Closing the Gap in mental health – four observations

Four quick observations on the publication of Closing the Gap: Priorities for essential change in mental health (pdf).

1. It’s good to see it published and it’ll be a useful document to refer to.

2. The significant changes needed will come about only through an alliance of everybody affected by the mental health system, from both the top down and the bottom up. The target audiences explicitly identified in the document miss one half of this equation by not including people with mental health problems, their (representative) organisations or families/carers.

3. As @shaunlintern over at HSJ highlighted, the focus on parity in mental health is a sham when NHS England and Monitor have cut the 2014/15 tariff price for mental health (and community) services by a fifth more than the reduction proposed for acute providers

4. The signatories to the policy are Nick Clegg and Norman Lamb. No Jeremy Hunt, in his role as Secretary of State for Health, or (perhaps more noteworthily) as a Conservative. Are the Lib Dems looking to claim mental health as their own ahead of 2015?

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Mental health: on our minds?

Parity of esteem in mental health is something we hear a lot about: it essentially means putting mental health on a par with physical health.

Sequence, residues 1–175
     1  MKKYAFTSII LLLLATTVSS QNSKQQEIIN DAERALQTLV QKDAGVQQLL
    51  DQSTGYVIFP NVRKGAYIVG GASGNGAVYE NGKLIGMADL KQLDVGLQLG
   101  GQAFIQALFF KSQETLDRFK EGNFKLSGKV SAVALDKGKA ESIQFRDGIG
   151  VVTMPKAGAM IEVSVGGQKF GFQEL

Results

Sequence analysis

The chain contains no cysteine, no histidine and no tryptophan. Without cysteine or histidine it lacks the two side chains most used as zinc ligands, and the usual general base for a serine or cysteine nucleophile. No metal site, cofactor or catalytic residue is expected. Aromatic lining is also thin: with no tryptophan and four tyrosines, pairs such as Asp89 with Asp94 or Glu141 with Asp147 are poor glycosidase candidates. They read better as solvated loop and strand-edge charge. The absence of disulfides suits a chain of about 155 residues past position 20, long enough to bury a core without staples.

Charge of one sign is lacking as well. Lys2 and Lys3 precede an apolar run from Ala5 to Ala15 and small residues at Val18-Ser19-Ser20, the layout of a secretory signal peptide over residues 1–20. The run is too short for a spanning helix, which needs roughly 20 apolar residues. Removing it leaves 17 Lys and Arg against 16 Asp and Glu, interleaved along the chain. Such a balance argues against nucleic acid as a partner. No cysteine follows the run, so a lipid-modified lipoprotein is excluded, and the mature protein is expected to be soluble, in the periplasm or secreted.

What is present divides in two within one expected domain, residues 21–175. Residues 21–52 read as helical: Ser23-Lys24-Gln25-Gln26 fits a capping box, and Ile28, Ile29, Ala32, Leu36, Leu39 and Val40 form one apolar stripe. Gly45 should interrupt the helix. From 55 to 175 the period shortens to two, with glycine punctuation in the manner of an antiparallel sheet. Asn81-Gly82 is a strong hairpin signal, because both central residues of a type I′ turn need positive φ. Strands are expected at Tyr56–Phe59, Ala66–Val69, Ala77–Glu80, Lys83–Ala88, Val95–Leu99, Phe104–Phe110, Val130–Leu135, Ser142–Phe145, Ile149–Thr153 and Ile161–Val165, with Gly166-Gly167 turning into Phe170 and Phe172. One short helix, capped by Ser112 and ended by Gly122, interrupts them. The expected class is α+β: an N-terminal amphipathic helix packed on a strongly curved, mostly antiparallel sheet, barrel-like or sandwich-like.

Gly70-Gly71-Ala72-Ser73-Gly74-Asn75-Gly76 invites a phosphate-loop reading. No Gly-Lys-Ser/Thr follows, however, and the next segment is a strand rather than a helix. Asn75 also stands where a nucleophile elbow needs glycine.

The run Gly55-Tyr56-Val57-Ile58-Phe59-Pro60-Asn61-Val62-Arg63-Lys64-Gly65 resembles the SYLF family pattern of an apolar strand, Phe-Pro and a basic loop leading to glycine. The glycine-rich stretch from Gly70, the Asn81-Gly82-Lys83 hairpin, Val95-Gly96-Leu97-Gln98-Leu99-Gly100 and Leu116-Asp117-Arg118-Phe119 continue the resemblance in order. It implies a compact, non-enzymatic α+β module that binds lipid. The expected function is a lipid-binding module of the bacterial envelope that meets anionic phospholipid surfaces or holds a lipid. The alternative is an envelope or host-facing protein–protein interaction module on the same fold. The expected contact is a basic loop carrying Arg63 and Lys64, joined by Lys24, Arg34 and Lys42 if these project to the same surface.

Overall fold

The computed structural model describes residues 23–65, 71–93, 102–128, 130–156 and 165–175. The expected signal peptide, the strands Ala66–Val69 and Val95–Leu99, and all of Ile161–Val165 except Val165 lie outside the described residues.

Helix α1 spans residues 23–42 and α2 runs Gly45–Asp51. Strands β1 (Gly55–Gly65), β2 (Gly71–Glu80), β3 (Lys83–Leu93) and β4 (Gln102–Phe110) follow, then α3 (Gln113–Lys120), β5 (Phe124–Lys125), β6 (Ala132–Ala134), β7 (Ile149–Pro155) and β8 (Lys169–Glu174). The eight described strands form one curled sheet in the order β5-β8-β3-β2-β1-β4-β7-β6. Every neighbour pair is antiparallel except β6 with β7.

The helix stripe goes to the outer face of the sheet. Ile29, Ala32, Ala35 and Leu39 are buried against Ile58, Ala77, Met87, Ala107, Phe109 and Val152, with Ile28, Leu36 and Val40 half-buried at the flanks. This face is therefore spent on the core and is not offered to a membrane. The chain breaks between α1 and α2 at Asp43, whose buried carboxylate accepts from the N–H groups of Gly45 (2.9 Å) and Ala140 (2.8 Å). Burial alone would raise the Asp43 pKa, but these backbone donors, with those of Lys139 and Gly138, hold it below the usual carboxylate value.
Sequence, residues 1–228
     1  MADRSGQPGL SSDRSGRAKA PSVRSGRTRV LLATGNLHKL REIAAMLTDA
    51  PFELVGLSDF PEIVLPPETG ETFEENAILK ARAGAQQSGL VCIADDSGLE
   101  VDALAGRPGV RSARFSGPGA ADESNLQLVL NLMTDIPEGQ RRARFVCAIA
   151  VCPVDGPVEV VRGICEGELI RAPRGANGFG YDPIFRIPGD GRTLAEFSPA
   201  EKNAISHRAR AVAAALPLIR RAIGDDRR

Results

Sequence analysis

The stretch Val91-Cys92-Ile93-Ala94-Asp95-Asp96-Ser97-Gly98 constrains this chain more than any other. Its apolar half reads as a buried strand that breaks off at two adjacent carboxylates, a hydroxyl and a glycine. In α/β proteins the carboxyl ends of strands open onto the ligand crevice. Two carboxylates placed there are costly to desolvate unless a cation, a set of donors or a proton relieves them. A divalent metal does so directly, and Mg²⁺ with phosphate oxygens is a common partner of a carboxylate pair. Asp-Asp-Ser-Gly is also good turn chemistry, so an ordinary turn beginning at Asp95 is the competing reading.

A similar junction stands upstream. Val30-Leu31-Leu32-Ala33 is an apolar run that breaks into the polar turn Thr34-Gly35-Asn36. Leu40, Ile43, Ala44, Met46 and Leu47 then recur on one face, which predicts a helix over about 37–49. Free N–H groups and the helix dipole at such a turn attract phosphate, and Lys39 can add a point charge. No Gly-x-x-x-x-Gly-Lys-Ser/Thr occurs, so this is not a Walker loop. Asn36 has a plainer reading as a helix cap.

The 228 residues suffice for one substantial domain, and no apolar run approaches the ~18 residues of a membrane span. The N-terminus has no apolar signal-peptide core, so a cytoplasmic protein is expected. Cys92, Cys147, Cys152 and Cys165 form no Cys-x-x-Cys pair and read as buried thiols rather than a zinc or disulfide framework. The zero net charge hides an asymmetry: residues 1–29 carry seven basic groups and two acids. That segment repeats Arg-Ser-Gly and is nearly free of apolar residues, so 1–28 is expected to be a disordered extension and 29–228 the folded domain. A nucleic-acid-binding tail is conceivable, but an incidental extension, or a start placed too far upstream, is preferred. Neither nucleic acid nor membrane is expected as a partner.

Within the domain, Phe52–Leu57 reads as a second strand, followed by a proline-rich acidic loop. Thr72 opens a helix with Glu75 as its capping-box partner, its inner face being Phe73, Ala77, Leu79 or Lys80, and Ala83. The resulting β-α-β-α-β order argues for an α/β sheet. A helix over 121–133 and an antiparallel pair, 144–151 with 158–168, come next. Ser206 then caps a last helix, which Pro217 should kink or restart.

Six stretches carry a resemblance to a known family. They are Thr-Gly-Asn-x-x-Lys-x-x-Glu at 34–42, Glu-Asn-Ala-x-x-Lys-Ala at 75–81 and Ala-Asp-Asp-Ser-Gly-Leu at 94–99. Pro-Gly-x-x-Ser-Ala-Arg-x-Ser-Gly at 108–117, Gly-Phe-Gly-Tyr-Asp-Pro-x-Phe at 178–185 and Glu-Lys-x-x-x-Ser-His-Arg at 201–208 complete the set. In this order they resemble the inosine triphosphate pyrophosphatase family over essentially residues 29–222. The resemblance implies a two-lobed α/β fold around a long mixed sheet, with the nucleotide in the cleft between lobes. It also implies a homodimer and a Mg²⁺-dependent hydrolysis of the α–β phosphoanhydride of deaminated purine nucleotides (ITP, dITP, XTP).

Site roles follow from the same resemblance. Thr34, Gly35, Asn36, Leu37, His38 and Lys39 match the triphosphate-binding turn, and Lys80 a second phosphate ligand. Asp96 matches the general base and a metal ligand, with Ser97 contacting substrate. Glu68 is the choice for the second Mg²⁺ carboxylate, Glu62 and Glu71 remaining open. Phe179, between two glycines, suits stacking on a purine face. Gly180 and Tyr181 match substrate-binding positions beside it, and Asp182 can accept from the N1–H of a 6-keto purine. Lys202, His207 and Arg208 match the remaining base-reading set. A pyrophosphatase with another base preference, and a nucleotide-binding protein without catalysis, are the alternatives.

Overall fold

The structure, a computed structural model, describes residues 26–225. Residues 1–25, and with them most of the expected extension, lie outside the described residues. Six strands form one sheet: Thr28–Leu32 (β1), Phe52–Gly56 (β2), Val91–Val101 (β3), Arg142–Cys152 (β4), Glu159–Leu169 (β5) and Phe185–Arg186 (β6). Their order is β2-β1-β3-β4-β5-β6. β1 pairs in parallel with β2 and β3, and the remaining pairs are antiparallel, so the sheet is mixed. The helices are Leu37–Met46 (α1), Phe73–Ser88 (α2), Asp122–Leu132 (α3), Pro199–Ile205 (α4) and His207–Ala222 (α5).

Underneath this, though, it feels to me that there isn’t a parity of attention when it comes to mental health – it doesn’t feel to be discussed or debated anywhere near as much as other topics.

This feeling is borne out by two excellent reports published on the topic of Joint Strategic Needs Assessments (JSNAs) and Joint Health & Wellbeing Strategies (JHSWs) by the Children & Young People’s Mental Health Coalition and the Centre for Mental Health respectively.

The Children & Young People’s Mental Health Coalition found two-thirds of JSNAs didn’t have a section specifically on children and young people’s mental health. They also found that risk factors were highlighted which put children and young people at greater likelihood of having mental health problems, but the links between these factors and mental health weren’t made.

The Centre for Mental Health found 91% of JHSWs aimed to tackle at least one mental health issue, or 9% didn’t mention mental health at all. They too found that the majority of JHSWs highlighted health risk factors (such as drinking or smoking) but didn’t make the relevant links between these factors and mental health.

More encouragingly, though, where mental health was a priority in JHSWs that priority tended to be children and young people’s mental health – somewhere between 55-67% of JHSWs made it a priority.

Nevertheless, we have a situation where around one-third of JHSWs make no reference to children and young people’s mental health, and 10% make no reference to mental health in general.

Is mental health on our minds? These figures would suggest it isn’t as much as it should be. We also need parity of attention on mental health.